Programmers Stack Exchange is a question and answer site for professional programmers interested in conceptual questions about software development. Join them; it only takes a minute:

Sign up
Here's how it works:
  1. Anybody can ask a question
  2. Anybody can answer
  3. The best answers are voted up and rise to the top

when they say that a project is open source (i.e. LifeRay) does it mean that I can take anything I want from that project?

I want to use some of the icons used in LifeRay portal for my own (commercial) apps. Is this legal?

share|improve this question
Why exactly do you want to just use another person's work for a commercial application. Make your own icons. – Ramhound May 13 '11 at 16:48
@Ramhound Im not making a commercial app. i want to know if i can make a commercial app with other ppl's icons u see – Pacerier May 13 '11 at 21:03
up vote 25 down vote accepted

Absolutely not.

"Open source" means that it is offered under a license that fits However you are responsible for following the license. And if you use the source in a way that is not compatible with the license, then you are violating copyright. Furthermore if they have not OKed the reuse of software in proprietary apps, then you will be disliked by the community at large in addition to the legal penalties you face.

In the case of LifeRay in particular, from it looks like they are licensing their software under the LGPL. From my understanding of that license it is not OK for you just to borrow pieces and integrate it into your application.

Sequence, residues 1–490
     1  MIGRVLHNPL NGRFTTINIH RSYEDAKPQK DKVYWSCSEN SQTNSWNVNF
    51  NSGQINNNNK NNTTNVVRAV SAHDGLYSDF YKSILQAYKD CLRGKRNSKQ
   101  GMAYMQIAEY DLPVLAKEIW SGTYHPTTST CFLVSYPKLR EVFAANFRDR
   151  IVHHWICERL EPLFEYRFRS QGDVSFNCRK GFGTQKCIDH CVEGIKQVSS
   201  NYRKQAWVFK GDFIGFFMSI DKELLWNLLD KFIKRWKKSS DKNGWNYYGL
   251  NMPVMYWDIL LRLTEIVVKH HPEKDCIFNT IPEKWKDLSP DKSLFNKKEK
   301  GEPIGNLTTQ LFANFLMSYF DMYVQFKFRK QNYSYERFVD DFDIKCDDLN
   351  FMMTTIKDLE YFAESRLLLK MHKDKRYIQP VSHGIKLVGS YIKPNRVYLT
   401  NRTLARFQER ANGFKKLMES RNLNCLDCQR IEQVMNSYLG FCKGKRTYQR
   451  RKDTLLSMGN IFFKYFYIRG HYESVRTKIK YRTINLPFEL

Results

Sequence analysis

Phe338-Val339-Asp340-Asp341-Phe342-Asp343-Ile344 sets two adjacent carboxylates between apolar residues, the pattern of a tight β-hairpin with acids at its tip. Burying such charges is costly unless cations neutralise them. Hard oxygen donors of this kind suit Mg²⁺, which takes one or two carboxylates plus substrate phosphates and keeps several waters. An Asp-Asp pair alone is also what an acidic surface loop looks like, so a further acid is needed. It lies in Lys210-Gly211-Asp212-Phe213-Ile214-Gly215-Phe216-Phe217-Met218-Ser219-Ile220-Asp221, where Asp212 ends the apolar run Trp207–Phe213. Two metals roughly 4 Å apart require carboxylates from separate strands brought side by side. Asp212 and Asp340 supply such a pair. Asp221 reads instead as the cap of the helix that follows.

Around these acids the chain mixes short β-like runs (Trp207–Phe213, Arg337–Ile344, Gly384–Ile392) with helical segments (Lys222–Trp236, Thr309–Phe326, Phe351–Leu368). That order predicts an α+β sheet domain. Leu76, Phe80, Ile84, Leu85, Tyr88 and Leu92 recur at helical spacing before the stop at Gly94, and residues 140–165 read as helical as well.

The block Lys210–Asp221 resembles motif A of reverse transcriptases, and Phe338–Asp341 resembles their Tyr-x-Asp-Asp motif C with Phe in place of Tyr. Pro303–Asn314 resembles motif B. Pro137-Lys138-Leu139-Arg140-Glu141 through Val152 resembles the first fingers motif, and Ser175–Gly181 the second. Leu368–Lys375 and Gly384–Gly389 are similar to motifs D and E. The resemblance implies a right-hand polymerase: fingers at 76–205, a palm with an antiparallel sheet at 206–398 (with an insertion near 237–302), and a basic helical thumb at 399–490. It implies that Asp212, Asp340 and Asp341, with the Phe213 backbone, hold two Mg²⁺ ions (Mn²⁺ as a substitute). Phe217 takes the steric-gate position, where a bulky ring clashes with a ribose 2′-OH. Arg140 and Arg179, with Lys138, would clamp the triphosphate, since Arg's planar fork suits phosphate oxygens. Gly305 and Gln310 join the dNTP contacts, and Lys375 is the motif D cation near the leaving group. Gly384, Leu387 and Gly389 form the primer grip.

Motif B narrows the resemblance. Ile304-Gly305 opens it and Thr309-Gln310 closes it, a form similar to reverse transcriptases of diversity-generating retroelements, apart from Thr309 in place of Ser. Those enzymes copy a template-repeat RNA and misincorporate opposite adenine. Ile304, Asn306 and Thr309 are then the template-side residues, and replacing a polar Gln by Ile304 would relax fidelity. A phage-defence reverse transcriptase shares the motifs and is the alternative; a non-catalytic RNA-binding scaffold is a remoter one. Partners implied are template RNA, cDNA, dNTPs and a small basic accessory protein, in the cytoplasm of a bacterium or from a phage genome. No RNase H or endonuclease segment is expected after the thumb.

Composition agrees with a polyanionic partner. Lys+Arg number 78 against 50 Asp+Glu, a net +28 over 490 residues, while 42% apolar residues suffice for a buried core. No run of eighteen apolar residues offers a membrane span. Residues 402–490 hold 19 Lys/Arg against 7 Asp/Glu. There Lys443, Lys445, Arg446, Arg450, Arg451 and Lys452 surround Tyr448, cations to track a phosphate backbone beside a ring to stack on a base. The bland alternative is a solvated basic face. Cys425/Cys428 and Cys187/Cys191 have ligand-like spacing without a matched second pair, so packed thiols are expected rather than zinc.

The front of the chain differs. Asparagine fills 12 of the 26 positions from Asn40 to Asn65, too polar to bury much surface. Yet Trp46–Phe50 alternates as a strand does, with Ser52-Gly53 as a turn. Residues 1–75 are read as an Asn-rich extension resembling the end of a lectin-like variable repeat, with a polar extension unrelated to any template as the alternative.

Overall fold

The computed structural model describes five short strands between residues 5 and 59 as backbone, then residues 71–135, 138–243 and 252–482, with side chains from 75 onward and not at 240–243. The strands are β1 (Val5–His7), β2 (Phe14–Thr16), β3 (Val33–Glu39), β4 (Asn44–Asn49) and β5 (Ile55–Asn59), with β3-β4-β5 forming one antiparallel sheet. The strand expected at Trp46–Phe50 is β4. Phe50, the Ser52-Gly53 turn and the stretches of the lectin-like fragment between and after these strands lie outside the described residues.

(Insert standard disclaimer, I am not a lawyer, this is not legal advice. However I've been involved with open source software for as long as the term has existed.)

share|improve this answer
Good answer for this specific case. Just wanted to point out that some OS licenses do allow such usage, although they aren't nearly as common. Also, he is perfectly free to use those icons in a commercial application, as long as he releases his source code under the LGPL. – Karl Bielefeldt May 13 '11 at 17:01
There's also often a distinction between source and potentially trademarked logos or other images. In any event, this only makes the answer a stronger "no". – Rein Henrichs May 13 '11 at 17:21

Your Answer


By posting your answer, you agree to the privacy policy and terms of service.

Not the answer you're looking for? Browse other questions tagged or ask your own question.